(Reuters) - Donald Trump became the third U.S. president to be impeached as the House of Representatives formally charged him on Wednesday with abuse of power and obstructing Congress.
The Democratic-led House’s passage of two articles of impeachment on a mostly party-line vote sets the stage for a trial next month in the Republican-controlled Senate - friendlier terrain for Trump - on whether to convict and remove the Republican president from office.
Following are reactions to the historic vote:
Bernie Sanders, a U.S. senator from Vermont and a Democratic candidate for president, said in a videotaped statement on Twitter here “Today is a sad but necessary day for American democracy. The U.S. House has voted to impeach President Trump, and that is the right thing to do.”
Lindsey Graham, a Republican senator who has been a key ally of Trump, said on Twitter twitter.com/LindseyGrahamSC: "The impeachment Articles passed by the House of Representatives will meet a quick demise in the Senate."
Before the vote was taken, Graham said on Twitter of the impeachment proceedings: “What does it mean? President Trump is more likely to be re-elected and the House is in play for 2020!
Elizabeth Warren, a U.S. senator from Massachusetts and a Democratic candidate for president, said on Twitter here: "Donald Trump has abused our diplomatic relationships and undermined our national security for his own personal, political gain. By voting to impeach him, the House has taken an important step to hold him accountable. I'm ready to fulfill my constitutional duty in the Senate."
Brad Parscale, Trump's 2020 campaign manager, said in a Trump campaign statement on Twitter here that the vote showed that "the contrast between President Trump and the Democrats couldn’t be more clear."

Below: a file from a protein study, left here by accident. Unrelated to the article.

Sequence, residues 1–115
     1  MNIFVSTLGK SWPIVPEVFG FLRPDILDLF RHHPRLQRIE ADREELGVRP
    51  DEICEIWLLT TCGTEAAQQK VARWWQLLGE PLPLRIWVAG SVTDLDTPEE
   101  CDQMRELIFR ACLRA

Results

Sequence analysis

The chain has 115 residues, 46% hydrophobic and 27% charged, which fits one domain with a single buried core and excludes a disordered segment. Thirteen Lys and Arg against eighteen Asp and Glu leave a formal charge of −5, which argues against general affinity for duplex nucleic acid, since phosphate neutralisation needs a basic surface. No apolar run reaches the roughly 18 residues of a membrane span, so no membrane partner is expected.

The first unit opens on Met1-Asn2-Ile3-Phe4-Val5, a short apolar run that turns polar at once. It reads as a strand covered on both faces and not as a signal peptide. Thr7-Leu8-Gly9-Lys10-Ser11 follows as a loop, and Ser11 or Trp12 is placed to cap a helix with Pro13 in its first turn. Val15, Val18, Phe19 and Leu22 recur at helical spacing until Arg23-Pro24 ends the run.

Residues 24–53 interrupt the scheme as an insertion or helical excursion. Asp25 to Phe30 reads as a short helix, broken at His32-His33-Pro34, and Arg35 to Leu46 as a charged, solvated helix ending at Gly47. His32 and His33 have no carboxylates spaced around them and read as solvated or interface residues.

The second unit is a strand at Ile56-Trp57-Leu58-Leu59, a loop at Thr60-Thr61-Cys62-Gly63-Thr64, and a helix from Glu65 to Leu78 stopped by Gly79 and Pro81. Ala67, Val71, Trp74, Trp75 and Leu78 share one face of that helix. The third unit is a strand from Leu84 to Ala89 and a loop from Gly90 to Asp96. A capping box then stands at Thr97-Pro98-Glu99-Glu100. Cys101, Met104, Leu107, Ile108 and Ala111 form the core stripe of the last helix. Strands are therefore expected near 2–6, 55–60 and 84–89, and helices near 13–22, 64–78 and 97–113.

“While the President rallied with tens of thousands of citizens in Michigan and celebrated the greatness and success of America, Democrats in D.C. completed their cold, calculated, and concocted 3-year impeachment sham and voted against 63 million Americans.”
Cory Booker, a U.S. senator from New Jersey and a Democratic candidate for president, posted on Twitter: “The three-month House impeachment process has uncovered alarming evidence that an American president used his official power for personal gain, put our national security at risk, and obstructed the investigation.”
Ronna McDaniel, chair of the Republican National Committee, said in a statement: “History was made today, but not in a way Democrats had hoped. With this vote, Nancy Pelosi and her fellow impeachment crusaders have ensured the reelection of President Trump and a return of a Republican majority in the House.”
Michael Bloomberg, the former mayor of New York and a Democratic candidate for president, said in a statement issued by his campaign: “The House did its duty under the Constitution. Unfortunately, it increasingly appears that Senate Republicans will not.”
He added that the 2020 presidential election was “a referendum on whether to save our Constitution - or let Trump light it on fire.”
Compiled by New York newsroom